Denmark is famous for its four Viking Ring Fortresses. This spring a fifth was suddenly discovered in the eastern part of Zealand
The newly discovered ring fortress from the Viking Age is situated near Vallø at Køge Bay, 40 km south of Copenhagen. It has been dubbed the Vallø Ring Fortress.
A Viking Ring fortress is a circular fort with a strict geometrical plan. Distinctive features are their four gates facing each other and the courtyard divided into four areas holding large houses of the “Trelleborg-Type”.
It has been known for more than 150 years that the remains of what was believed to be an early castle could be found in the field near Vallø. However, it was first when Nanna Holm, began to do a survey of the actual edifice that it dawned upon the archaeologists they might have made a breath-taking discovery.
The identification of the new ring fortress has been known among a select group of archaeologists for some months, but the owner of the land as well as the archaeologists with Søren Sindbæk in charge wished to keep silent until they were quite sure.
However, the results uncovered from a few archaeological trenches have now confirmed the precise circular form of the new fortress. First the archaeologists dug one trench and then they identified what was probably a gate a bit further on. By linking these two spots on the perfect circle construed through laser-tecnique, they were able to decide where a second gate should be: exactly opposite the first. And lo and behold, there it was explains Søren Sindbæk to videnskab.dk.
The newly found ring fortress measures 145 metres in diameter and is – as far as is known at this point – identical to the construction of the other four ring fortresses known from Denmark: Trelleborg, Aggersborg, Fyrkat and Nonnebakken. Whether or not there have been long-houses inside the courtyard is not know at this point.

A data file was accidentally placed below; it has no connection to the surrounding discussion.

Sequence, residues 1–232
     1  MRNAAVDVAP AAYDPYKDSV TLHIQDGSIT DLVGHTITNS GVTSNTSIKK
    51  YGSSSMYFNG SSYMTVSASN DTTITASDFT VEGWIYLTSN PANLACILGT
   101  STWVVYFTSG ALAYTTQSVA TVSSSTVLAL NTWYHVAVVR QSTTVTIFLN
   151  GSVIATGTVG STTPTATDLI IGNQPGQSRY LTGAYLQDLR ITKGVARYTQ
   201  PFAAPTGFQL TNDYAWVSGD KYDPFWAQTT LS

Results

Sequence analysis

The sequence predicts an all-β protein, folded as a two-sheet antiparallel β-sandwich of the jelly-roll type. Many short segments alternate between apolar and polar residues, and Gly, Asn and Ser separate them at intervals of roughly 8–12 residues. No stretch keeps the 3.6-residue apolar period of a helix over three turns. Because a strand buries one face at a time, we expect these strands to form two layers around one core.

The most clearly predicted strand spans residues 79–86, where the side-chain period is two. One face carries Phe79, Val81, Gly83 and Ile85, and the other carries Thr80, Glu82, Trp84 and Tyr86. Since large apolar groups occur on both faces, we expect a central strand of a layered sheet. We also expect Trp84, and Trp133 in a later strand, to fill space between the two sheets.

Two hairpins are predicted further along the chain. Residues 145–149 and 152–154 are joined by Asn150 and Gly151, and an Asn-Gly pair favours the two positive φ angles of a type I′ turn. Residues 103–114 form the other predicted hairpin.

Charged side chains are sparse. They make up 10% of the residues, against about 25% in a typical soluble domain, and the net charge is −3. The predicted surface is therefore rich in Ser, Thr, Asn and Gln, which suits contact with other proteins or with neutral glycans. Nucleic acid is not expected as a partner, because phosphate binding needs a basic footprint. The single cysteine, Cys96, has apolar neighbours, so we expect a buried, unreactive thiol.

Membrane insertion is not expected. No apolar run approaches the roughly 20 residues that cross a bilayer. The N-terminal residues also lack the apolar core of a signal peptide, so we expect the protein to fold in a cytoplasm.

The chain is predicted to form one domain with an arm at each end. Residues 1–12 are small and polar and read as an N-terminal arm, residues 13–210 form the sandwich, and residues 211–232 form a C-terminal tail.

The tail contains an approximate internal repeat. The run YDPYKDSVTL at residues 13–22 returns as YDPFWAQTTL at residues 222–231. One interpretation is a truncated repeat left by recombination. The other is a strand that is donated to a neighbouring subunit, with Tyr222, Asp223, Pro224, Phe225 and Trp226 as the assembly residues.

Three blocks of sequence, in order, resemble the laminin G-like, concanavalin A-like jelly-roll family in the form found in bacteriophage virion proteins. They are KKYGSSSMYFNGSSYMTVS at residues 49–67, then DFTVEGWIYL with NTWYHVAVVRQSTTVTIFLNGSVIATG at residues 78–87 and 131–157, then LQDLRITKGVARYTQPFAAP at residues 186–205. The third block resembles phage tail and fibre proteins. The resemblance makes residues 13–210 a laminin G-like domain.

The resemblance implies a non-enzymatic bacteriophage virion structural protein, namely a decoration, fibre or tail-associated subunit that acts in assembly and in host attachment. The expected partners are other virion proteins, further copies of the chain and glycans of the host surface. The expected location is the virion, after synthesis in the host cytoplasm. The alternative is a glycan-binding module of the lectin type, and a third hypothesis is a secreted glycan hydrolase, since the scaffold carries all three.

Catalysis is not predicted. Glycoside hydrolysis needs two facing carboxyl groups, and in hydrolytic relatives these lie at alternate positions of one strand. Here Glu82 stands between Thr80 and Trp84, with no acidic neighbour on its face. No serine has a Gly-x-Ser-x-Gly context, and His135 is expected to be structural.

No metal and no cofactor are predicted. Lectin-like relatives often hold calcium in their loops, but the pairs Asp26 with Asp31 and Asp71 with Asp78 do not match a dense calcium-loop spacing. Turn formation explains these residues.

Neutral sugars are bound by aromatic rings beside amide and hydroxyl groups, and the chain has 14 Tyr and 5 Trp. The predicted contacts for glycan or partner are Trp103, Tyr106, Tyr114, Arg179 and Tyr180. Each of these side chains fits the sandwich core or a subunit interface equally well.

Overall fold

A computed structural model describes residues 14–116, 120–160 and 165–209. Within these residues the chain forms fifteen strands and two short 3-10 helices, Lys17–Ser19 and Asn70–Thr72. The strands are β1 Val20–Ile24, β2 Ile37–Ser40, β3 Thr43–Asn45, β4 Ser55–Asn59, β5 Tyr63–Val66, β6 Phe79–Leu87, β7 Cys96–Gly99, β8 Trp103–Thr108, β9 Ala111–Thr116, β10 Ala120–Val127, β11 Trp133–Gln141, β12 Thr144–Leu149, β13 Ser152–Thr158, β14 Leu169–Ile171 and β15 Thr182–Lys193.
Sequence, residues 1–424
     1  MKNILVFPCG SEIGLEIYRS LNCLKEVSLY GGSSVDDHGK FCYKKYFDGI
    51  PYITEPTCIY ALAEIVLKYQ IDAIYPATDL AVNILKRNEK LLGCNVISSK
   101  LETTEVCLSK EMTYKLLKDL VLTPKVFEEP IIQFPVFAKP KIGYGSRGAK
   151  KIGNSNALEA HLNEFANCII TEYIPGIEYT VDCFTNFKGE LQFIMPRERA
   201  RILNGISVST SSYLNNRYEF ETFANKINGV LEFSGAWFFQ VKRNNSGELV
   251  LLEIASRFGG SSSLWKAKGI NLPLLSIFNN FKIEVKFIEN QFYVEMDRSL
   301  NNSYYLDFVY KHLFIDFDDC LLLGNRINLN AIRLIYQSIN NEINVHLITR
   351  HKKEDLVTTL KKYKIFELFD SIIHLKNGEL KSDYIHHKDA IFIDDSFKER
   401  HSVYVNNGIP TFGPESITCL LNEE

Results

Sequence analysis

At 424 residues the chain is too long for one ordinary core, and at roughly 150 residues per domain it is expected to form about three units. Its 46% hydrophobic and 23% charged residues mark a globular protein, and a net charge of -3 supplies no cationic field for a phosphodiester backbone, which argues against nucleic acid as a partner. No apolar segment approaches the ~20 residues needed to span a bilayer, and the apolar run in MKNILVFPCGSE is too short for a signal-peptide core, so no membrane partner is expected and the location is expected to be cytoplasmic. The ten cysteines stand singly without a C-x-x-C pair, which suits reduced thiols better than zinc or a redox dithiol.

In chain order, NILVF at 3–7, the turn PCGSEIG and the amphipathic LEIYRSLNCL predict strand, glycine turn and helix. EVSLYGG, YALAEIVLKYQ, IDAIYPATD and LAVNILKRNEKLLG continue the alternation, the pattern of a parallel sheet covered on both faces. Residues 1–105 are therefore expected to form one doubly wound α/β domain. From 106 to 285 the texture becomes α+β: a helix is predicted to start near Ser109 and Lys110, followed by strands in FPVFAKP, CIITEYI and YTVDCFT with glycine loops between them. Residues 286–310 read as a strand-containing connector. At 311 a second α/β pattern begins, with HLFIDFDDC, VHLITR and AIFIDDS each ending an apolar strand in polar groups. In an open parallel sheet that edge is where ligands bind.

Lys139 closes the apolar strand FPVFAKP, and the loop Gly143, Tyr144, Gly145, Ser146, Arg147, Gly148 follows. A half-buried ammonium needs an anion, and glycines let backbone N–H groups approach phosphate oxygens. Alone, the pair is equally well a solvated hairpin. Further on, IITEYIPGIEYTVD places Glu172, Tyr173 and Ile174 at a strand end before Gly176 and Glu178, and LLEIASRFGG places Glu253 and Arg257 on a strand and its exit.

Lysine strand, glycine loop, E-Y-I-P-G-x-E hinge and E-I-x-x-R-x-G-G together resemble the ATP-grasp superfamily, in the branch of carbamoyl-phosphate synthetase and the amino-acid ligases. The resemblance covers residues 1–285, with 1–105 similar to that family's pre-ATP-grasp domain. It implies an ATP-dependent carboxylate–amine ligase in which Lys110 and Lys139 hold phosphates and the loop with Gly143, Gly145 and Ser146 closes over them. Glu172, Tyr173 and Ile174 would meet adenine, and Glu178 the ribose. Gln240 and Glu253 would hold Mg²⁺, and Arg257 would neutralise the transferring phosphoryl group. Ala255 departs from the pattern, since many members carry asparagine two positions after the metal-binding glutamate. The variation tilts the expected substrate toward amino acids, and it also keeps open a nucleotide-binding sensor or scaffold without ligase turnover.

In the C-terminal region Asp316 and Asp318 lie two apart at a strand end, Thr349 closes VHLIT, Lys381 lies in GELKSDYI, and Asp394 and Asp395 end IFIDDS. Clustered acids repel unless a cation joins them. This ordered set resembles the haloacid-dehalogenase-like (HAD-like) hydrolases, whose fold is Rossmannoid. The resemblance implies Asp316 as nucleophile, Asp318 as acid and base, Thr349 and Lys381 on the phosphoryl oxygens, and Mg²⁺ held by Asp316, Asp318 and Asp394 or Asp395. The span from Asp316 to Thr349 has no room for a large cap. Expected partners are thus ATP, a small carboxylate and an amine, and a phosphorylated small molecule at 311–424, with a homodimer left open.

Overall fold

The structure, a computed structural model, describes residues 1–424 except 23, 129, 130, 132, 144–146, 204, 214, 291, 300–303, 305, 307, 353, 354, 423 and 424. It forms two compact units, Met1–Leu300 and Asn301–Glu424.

The Vallø Ring Fortress has been ideally located; right at the cross-roads between the West and North and at the estuary of the small Køge River, which in the Viking Age was a navigable firth.
From excavations of the other ring fortresses it is known that they were surrounded by wide ramparts fitted with walls constructed of rows of poles supported by slanted beams. The exact construction of these may have differed somewhat from fortress to fortress. So-far details of the construction at Vallø are not known. Application for funding to excavate the newly found fortress are still in the pipeline.
So far the archaeologists have been able to determine that there must have been fighting at the fortress. At some point the gates were burnt to the ground and near the northern gate the archaeologists found charred oaken posts.
As of now the archaeologists are waiting for an exact date, which will be procured through C14 and dendrochronology. The other ring fortresses have been dated to the period between AD 975 – 980 and are believed to have been part of a defence system created by Harold Bluetooth.
During most of the 20th century it has been vigorously debated what the forts were. Military defence bastions meant to defend the Danes against an invading army of either Germans or Norwegians? Fortresses meant to subdue the local population in connection with the effort of Harold Bluetooth to “win all Denmark”? Or military stores for stocking necessary equipment and victuals in a situation where an invading army used a scorched earth tactic? Finally some scholars have believed the fortresses were meant as defendable stores for stocking victuals before outfitting Viking-ship navies, such as were used in conquering Norway and later England. However, an enigmatic feature are the short span of time, the forts were function able before they were allowed to decay (before AD 1000).
Currently the dominant view is that the fortresses should be seen in connection with a number of other defence initiatives from the latter part of the reign of Harold Bluetooth – foremost the rebuilding of the wall at Dannevirke (AD 964 – 68), and the construction of the palisade at Jellinge ca. AD 968. It is believed that the ring-fortresses were meant to stock victuals sequestered through taxation and for use defending the realm against a German Invasion such as is believed took place in AD 974. However Danish history is rather hazy at this point and it is fervently hoped that new bits of information may be gathered from a proper excavation of Vallø.
Aggersborg. The Viking-Age settlement and fortress
Ed. by Else Roesdahl, Søren Michael Sindbæk, Anne Pedersen and David M. Wilson
Series: Jysk Arkæologisk Selskabs Skrifter (Vol. 82)
Aarhus University Press 2014
Kongens Borge [The Fortresses of the King]
Rapport over undersøgelserne 2007-2010 [Report from the investigations 2007 – 2010]
Series: Jysk Arkæologisk Selskabs Skrifter ( Vol. 76)
By Andres Siegfried Dobat with contributions from Marianne Høyem Andreasen, Peter Moe Astrup, Thomas S. Bartholin, Niels Bonde, Kirsten Christensen, Mads Christian Christensen, Renée Enevold, Jesper Frederiksen, David J. Gregory, Niels Haue, Jacob Kveiborg, Jonathan Lewis, Per Thorkild Mandrup, Simon Kjær Nielsen, Kenneth Ritchie and Terje Thun
Aarhus University Press 2013